[The next few paragraphs are excerpted from chapter two of Autobiography of an Ex-White Man]
Freedom is the theme of the story told by these historians surveying the American experience. Their central analytical idea is Exceptionalism, an idea first given expression by Alexis de Tocqueville. Exceptionalism has served as the guiding thread of both scholarly explications and patriotic invocations for more than a century and a half. America, it is said, is the exception to the generalizations of historians, political scientists, and sociologists, to the time-tested laws of historical evolution defining and constraining men and women and nations in the
Unlike all other nations that have ever existed, according to this story,
Thus, everything that happens in
America is the Great Exception in other ways as well, the historians tell us. Alone among all the great nations of the world,
And finally, because
This celebratory self-congratulation is not merely the stuff of political speeches and Fourth of July oratory. It was, until very recently, the considered judgment of serious scholars, honored in the Academy and inscribed in the professional monographs on which generations of secondary and college textbooks drew for their account of the American story. But heart-warming as this story is, at least if you have not the misfortune to be a Native American or the descendant of a slave, it is simply not true.
Let me be clear about what I am asserting, because the truly revolutionary thrust of Afro-American Studies can be lost through misunderstanding. The traditional story is partial, to be sure, in its slighting of the doings of women, of working-class people, of Native Americans, and of people of color. But that failing can easily be rectified, if one is willing to add some pages to one's narrative. A quick look at the most recent edition of Bailey's text is suggestive. The franchise is now managed by two extremely distinguished professional historians: Lizabeth Cohen, the Howard Mumford Jones Professor of American Studies at Harvard and David M. Kennedy, the Donald J. McLachlan Professor of History at Stanford. In an effort to be unimpeachably inclusive, these authors have expanded the text to 1248 pages. The book [which surely no student is actually expected to read all the way through] begins not with the arrival of the pilgrims or even with Columbus' voyage of exploration, but with a chapter entitled "New World Beginnings: 33,000 B.C.E. - 1769 C.E." Everyone, including the mastodons now extinct, will get at least a passing mention!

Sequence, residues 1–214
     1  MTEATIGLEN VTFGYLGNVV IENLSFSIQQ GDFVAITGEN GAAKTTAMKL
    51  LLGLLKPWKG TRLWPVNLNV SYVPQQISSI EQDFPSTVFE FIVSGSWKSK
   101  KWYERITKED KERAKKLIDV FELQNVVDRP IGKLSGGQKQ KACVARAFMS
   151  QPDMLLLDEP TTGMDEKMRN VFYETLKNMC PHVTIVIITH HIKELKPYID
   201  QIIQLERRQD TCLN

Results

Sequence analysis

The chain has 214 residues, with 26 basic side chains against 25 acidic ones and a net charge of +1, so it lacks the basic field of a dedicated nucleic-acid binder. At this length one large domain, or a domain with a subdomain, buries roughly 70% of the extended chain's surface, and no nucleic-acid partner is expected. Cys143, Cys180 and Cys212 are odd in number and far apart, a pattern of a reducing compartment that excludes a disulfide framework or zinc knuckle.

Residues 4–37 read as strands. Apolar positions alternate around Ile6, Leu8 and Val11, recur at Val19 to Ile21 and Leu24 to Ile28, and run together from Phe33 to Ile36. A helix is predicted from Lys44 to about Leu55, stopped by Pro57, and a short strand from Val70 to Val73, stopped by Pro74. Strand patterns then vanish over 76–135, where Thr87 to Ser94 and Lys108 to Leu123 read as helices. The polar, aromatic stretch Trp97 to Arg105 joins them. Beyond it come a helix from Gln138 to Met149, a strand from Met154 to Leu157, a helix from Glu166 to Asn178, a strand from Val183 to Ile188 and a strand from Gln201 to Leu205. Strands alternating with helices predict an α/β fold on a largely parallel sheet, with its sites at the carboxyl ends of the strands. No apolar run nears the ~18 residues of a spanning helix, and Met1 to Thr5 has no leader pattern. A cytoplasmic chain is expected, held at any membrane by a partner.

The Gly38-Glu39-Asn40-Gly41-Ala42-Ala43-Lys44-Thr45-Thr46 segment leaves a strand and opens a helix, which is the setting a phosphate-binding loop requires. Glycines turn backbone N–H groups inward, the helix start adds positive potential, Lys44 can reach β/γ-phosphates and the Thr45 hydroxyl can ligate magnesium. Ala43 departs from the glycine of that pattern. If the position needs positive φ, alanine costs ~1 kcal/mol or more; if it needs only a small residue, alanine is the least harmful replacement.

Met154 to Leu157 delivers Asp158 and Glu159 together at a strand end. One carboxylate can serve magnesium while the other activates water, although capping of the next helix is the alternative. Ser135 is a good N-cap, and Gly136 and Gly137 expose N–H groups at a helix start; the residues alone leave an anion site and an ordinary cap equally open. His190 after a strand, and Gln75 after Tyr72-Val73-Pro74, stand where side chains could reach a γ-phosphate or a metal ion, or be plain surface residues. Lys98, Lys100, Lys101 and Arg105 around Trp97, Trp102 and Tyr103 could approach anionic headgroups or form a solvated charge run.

If lack of inclusiveness were the central problem, then in an age more sensitive to the feelings of subaltern populations [as it has now become fashionable to say] the difficulty could be rectified by textbook chapters, courses, or entire programs devoted to the Black experience, the Native American experience, the Latino/a experience, the Woman's experience, the Asian-American experience, the LGBT experience, and even the German-American, Polish-American, Italian-American, Swedish-American, and Hmong-American experience. If budgetary constraints preclude the creation of a separate administrative unit devoted to the study of each of these fractions of the American experience, then as a compromise a Department of Ethnic Studies can be brought into existence, with care taken not to recreate in Academia the experience of ghettoization.
But the story told by our historians upon a hill is not incomplete. It is wrong, through and through. America is not exceptional. It was not founded to be the embodiment of an Idea. And it is not Liberty but a complex, dare I say dialectical, relationship between bound labor and free labor that has defined America's nature from the seventeenth century to the present day. These are provocative claims, to be sure, and they will require a good deal of explanation and defense. The mission of Afro-American Studies, since it burst upon the academic scene in the nineteen-sixties, has been to expose these myths and set the record straight. That is why, during its entire half century career, it has been a site of struggle within the Academy, in a way that Diasporic Studies, Cultural Studies, and Africana Studies have not been.
Tomorrow, we shall begin to explore these claims.